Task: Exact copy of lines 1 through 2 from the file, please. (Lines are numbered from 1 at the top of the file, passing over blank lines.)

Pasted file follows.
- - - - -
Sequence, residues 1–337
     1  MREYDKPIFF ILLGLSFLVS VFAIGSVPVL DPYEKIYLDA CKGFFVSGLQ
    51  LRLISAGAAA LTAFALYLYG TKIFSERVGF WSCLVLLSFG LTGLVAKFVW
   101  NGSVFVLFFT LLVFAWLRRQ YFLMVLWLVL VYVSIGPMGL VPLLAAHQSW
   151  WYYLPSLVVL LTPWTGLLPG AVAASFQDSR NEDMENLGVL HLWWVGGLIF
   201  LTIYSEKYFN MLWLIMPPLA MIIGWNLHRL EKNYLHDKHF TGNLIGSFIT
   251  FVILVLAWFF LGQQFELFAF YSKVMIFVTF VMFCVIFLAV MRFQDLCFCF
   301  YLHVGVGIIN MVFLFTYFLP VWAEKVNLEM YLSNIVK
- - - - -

Sequence, residues 1–337
     1  MREYDKPIFF ILLGLSFLVS VFAIGSVPVL DPYEKIYLDA CKGFFVSGLQ